U.S. Supreme Court: False Claims Act Liability Depends on Defendant’s Subjective Beliefs
Liability in False Claims Act (FCA) suits depends on whether a defendant subjectively believed its claims were false, not on whether it can offer an objectively reasonable basis for its claims, the U.S. Supreme Court has held in a unanimous decision authored by Justice Clarence Thomas. U.S. ex. rel. Schutte v. SuperValu Inc., No. 21-1326, together with U.S. ex rel. Proctor v. Safeway, Inc., No. 22-111 (June 1, 2023).
Following the Court’s decision, Medicare and Medicaid providers and other federal contractors should practice caution when submitting claims to the U.S. government. An FCA defendant’s subjective beliefs at the time claims were submitted may become subjected to intense scrutiny.
Under Medicare and Medicaid, reimbursement for certain prescription drugs is limited to the “usual and customary” price charged by the pharmacies submitting claims.
The FCA imposes liability on anyone who “knowingly” submits a “false” claim to the U.S. government, including fraudulent billing under Medicare or Medicaid. The two essential elements of an FCA violation are:
The falsity of the claim; and
The defendant’s scienter — or knowledge — of the claim’s falsity.
Starting in 2006, SuperValu and Safeway began offering discounted prices for many drugs. The prices were applied to most sales paid in cash (not through insurance). However, the supermarkets reported their higher, non-discounted prices in their reimbursement claims to Medicare and Medicaid, even though they were informed that, and they believed, their lower, discounted prices were their “usual and customary” prices.
Three whistleblowers accused the supermarket chains of violating the FCA by overcharging Medicare and Medicaid when seeking reimbursement for prescription drugs. They also presented evidence that the supermarkets tried to hide their discounted prices from regulators and contractors.
The district court and the U.S. Court of Appeals for the Seventh Circuit ruled against the supermarkets on the first essential element of an FCA violation: falsity. The courts found that the discounted prices were their “usual and customary” prices and that the defendants submitted false claims by not reporting these prices. But both courts granted summary judgment to the supermarkets on the second essential element of an FCA violation: scienter. They held that the defendants could not have acted “knowingly.”
The Seventh Circuit’s decision relied heavily on Safeco Insurance Co. of America v. Burr, 551 U.S. 47, a 2007 U.S. Supreme Court decision interpreting the term “willfully” in the Fair Credit Reporting Act. The Seventh Circuit read Safeco to require a two-question analysis to determine whether a defendant acted recklessly or knowingly and applied this analysis to the FCA claims against the supermarkets.
The first question is whether a defendant’s acts were consistent with any objectively reasonable interpretation of the relevant law that had not been ruled out by definitive legal authority or guidance, regardless of whether the defendant actually believed such an interpretation at the time of its claims. The second question (considered only if the defendant’s acts were not consistent with any objectively reasonable interpretation) is whether the defendant subjectively believed its claims to be false. Thus, under the Seventh Circuit’s reasoning, as long as any objectively reasonable basis exists for a defendant’s claims, the defendant cannot act “knowingly” under the FCA.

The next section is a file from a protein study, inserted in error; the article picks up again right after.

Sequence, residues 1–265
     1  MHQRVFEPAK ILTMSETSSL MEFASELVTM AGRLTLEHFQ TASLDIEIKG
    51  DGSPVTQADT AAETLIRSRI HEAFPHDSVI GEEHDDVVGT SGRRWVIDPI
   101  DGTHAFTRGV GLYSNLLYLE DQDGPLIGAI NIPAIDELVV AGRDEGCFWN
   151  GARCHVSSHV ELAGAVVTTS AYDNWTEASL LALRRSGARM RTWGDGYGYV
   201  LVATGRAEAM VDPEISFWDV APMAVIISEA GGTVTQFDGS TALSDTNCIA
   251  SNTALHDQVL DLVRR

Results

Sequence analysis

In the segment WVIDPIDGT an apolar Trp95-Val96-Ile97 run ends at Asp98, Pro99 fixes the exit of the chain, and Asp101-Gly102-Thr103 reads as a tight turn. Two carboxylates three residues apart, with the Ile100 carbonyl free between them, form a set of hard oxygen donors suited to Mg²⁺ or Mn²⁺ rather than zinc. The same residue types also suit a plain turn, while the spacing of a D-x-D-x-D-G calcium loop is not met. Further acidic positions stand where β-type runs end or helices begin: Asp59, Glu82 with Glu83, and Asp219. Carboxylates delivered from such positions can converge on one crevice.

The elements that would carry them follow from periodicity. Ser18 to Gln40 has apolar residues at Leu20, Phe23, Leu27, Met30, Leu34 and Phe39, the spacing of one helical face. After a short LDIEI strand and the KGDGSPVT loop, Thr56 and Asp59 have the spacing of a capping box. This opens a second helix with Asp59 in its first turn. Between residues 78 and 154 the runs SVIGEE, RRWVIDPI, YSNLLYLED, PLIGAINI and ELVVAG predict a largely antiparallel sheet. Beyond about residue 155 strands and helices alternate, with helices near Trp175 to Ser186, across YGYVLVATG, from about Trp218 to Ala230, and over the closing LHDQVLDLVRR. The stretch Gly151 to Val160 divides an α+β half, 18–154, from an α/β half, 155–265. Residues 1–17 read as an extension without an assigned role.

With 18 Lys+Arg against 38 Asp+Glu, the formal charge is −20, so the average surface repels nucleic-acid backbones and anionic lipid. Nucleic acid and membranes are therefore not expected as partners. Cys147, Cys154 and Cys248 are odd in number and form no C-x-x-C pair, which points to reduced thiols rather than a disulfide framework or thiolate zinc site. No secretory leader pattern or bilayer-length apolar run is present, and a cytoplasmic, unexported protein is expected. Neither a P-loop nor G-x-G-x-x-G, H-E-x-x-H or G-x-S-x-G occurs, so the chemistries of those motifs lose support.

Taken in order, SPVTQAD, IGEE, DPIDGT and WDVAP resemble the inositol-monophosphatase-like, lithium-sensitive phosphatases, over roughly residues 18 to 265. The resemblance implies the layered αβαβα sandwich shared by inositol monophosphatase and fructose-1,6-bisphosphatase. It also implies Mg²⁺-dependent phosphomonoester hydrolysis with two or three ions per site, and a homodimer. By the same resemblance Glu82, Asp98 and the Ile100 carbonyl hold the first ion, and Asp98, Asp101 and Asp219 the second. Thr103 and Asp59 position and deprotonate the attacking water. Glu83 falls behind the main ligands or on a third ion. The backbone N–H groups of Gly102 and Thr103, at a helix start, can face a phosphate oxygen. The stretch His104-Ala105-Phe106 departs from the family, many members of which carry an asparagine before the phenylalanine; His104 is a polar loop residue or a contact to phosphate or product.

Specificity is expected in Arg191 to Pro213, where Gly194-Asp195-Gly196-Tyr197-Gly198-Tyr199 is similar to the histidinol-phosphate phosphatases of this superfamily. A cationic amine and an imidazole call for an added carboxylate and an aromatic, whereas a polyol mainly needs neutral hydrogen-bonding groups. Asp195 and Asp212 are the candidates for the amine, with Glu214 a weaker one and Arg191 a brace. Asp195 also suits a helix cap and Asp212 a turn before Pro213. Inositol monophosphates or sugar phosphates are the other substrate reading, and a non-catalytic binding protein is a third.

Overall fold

Applying this reasoning to the supermarkets, the Seventh Circuit held that the defendants’ reporting of non-discounted prices to Medicare and Medicaid was consistent with an objectively reasonable interpretation of the phrase “usual and customary” because the phrase could have been understood as referring to their retail prices, not their discounted prices.
U.S. Supreme Court Decision
The U.S. Supreme Court rejected the Seventh Circuit’s adoption of the so-called Safeco standard. It held that, under the FCA, a defendant “knowingly” submits a false claim when it subjectively believes the claim to be false, regardless of whether an objectively reasonable person could have believed otherwise.
The Court analyzed the statutory language of the FCA and its ties to common-law fraud claims. Indeed, the Court found that the FCA’s definition of “knowingly” largely tracks the traditional common-law scienter requirement for claims for fraud by encompassing three mental states. First, the person has actual knowledge of the information. Second, the person acts in deliberate ignorance of the truth or falsity of the information. Third, the person acts in reckless disregard of the truth or falsity of the information.
Finally, the Court noted that the text of the FCA and the common law point to what the defendant thought when submitting the false claim — not what the defendant may have thought after submitting it.
Thus, the Court put to bed any notion that a party that knew or should have known of a false claim can rely on the defense that its claim was objectively reasonable.
Takeaways for Healthcare Employers
If a healthcare provider or supplier, like a pharmacy, is aware it is submitting a false claim under Medicare or Medicaid, has deliberately avoided taking steps to determine whether the claim is false, or is aware of a substantial and unjustifiable risk that the claim is false but submits it anyway, the scienter element for a violation under the FCA would be met. Thus, if a law, rule, or regulation is ambiguous, providers or suppliers should seek advice of counsel to attempt to resolve that uncertainty. They cannot rely on that ambiguity when submitting a questionable claim if they can take steps to learn the correct meaning of the law, rule, or regulation.